“I would like to thank FIFA for this amazing experience [and] all foreigners for coming to Russia,” Chapman said. “We loved having you and [definitely] gonna miss the vibe. You turned our country into a place of celebration, happiness and land of sport lovers.”

Chapman added World Cup fans got to see what Russia truly is like, despite “the propaganda efforts from the West.”

She marked another, more personal, milestone in July: The eighth anniversary of her release from a New York jail. She called the occasion her "second birthday."

ANDREI LUGOVOI

Former KGB agent Andrei Lugovoi speaks at a news conference in Moscow, Russia, in 2013.

Former KGB agent Andrei Lugovoi speaks at a news conference in Moscow, Russia, in 2013. (AP)

Accused of poisoning and killing ex-KGB officer Alexander Litvinenko in 2006 with radioactive tea in London, Lugovoi, a former KGB officer, parlayed his newfound fame into a political career. In 2007, he was elected to parliament on the ticket of the nationalist LDPR party, which has strong Kremlin ties.

The switch to serving in government has also been a safeguard for Lugovoi, as the Russian constitution bans extraditing criminal suspects. Lugovoi’s status as a lawmaker makes him immune from prosecution at home, according to the Associated Press.

While in office, Lugovoi has also lent his name to the Lugovoi Law — a 2014 measure allowing authorities to block “extremist” websites without a court ruling — and he’s a regular commentator on state TV regarding the Skripal case.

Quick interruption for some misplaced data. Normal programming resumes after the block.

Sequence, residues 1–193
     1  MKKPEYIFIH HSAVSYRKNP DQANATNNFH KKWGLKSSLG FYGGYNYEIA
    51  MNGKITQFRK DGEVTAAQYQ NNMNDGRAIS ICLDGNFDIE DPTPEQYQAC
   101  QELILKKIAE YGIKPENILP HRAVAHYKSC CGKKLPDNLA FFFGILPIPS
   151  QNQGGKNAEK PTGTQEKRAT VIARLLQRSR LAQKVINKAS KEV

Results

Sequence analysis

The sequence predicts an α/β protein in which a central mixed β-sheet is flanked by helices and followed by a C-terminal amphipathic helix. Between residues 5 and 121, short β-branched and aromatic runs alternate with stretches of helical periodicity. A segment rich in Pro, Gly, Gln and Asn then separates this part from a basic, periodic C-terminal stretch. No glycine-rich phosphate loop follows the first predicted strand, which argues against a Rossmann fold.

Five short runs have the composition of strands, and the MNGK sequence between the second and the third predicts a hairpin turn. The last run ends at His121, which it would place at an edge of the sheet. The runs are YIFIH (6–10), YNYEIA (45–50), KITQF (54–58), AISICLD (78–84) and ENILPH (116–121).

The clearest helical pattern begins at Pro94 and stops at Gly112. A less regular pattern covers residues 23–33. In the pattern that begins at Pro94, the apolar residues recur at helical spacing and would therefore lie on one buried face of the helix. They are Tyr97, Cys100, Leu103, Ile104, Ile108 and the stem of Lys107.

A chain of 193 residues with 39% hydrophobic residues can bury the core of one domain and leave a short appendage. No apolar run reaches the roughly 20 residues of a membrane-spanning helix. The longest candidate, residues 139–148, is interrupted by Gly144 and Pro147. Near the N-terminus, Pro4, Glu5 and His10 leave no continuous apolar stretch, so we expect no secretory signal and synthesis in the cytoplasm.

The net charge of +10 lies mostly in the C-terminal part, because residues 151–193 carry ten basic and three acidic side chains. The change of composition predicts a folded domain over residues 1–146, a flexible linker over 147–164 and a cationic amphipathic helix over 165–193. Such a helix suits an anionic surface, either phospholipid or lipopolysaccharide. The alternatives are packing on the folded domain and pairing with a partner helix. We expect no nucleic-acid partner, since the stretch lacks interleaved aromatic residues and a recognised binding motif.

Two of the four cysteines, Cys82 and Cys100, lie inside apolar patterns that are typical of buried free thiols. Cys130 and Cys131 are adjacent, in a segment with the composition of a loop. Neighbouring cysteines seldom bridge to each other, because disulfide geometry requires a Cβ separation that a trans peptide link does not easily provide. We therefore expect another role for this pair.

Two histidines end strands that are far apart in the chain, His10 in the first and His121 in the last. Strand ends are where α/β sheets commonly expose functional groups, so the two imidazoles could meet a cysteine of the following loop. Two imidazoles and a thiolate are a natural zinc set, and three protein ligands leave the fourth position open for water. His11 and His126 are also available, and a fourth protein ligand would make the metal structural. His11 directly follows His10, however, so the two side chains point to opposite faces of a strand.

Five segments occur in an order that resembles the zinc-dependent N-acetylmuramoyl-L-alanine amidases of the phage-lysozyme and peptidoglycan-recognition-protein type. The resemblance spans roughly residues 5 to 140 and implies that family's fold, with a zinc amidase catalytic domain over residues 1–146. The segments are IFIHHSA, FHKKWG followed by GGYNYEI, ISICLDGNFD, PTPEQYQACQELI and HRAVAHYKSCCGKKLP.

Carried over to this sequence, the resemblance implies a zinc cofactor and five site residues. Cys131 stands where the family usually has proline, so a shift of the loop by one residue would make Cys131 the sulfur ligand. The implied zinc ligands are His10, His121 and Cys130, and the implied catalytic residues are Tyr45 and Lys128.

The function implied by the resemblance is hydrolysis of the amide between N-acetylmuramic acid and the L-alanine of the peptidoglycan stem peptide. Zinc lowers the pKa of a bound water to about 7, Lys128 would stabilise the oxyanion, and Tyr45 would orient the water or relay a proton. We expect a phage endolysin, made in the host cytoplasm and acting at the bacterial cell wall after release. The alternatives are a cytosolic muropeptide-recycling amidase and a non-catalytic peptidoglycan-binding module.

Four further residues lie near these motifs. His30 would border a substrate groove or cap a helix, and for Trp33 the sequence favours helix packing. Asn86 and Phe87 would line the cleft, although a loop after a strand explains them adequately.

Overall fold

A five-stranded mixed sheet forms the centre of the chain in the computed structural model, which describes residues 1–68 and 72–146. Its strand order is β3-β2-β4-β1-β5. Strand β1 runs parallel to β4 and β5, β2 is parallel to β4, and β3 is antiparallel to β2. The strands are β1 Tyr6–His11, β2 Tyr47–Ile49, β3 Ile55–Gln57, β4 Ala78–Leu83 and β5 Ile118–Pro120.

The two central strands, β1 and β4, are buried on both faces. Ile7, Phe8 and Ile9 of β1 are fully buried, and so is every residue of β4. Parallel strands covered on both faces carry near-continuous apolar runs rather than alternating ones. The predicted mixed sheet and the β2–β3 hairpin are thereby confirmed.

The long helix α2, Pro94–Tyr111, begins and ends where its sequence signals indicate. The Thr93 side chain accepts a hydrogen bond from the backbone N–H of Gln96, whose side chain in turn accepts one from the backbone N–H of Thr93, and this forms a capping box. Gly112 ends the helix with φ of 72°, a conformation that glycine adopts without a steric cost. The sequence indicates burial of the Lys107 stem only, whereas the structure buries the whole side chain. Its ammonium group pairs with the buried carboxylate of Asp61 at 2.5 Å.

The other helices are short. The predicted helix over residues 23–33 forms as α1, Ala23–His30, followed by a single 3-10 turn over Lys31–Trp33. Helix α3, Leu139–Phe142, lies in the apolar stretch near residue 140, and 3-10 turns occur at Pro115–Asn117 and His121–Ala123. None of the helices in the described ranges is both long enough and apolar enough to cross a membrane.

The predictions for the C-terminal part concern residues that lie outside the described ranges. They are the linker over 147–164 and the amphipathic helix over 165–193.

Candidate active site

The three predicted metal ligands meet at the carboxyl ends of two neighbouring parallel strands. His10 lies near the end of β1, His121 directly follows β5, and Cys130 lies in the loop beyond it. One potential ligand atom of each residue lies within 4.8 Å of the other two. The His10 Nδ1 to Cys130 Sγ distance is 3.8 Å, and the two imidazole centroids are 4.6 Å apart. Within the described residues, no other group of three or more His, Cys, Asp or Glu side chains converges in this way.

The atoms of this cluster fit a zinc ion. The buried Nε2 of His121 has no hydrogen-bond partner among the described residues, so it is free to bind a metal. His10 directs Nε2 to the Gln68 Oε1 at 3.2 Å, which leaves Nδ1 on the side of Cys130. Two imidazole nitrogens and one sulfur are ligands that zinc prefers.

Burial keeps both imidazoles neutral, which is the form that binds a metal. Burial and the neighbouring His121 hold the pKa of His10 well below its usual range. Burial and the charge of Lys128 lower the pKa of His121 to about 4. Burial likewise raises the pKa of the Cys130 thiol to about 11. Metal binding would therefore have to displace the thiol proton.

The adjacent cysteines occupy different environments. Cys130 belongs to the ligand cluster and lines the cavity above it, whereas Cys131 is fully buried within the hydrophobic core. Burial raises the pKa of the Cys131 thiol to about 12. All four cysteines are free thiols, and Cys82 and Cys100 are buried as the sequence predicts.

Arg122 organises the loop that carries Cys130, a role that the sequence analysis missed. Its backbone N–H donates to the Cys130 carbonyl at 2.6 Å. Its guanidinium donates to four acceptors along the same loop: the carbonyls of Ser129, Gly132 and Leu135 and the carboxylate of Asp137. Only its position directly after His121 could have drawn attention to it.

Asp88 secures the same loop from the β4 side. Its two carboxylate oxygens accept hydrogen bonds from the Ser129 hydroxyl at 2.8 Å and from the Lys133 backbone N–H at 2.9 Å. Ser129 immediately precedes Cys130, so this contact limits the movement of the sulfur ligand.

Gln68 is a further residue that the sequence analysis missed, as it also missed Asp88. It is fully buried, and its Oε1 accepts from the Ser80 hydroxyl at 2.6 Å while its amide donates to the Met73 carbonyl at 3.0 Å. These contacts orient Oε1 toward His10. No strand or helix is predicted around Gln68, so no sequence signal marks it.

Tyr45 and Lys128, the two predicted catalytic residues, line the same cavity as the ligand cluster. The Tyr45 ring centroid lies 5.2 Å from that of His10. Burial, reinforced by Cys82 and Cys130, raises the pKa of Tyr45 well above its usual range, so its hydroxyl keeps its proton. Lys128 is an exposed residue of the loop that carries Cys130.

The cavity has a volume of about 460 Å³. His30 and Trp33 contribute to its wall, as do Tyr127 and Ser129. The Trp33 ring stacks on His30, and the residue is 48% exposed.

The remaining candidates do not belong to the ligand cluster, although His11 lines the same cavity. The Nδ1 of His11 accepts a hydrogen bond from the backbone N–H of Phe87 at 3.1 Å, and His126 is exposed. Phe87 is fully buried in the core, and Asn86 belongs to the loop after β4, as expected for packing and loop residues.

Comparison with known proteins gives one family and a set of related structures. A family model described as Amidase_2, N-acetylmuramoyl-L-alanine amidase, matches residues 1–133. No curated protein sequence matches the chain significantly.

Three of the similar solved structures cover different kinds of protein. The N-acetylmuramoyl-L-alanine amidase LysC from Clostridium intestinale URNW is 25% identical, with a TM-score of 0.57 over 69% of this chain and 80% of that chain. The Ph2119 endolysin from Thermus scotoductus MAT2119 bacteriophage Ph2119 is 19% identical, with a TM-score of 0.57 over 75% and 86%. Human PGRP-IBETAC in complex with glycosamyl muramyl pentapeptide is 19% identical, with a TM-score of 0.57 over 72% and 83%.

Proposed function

He has long maintained his innocence in the Litvinenko poisoning, and in 2016 called the accusations “absurd."

"The results of the inquiry made public today once again confirm London's anti-Russian stance, tunnel thinking and the unwillingness of the British to establish the true cause of Litvinenko's death,” he was quoted by the AFP as saying at the time.

Lugovoi has also argued that Skripal’s poisoning had nothing to do with Russia and blames Britain for harboring people he calls defectors.

“As long as you keep welcoming all kinds of scum on your territory, you’re going to keep having problems,” he said in March on a popular talk show.

MARIA BUTINA

Maria Butina, a gun-rights activist, poses for a photo at a shooting range in Moscow, Russia.

Maria Butina, a gun-rights activist, poses for a photo at a shooting range in Moscow, Russia. (AP)

Accused of working as an undeclared foreign agent in the U.S., Butina is quickly becoming a cause celebre at home.

She was a relatively obscure gun-rights activist in Russia before she started making political contacts among Republicans and National Rifle Association members in the U.S. Now, Butina’s photo is the avatar on the Russian Foreign Ministry’s social media profiles.

“#FreeMariaButina” reads a hashtag next to her face in the account’s profile picture.

Government rhetoric portrays her as a martyr to U.S. paranoia and a victim of poor conditions in the Washington, D.C., jail where she’s being held pending trial.

Russian ombudsperson Tatiana Moskalkova, in an interview with the TASS news agency in late August, claimed Butina's treatment was "inhumane and degrading.”

She said Butina "was subjected to a degrading inspection, made to undress, transferred in chains without warning or explanation, placed into quarantine, where she spent 12 hours with no food or light, and now she is in solitary confinement."

Fox News’ Ryan Gaydos and the Associated Press contributed to this report.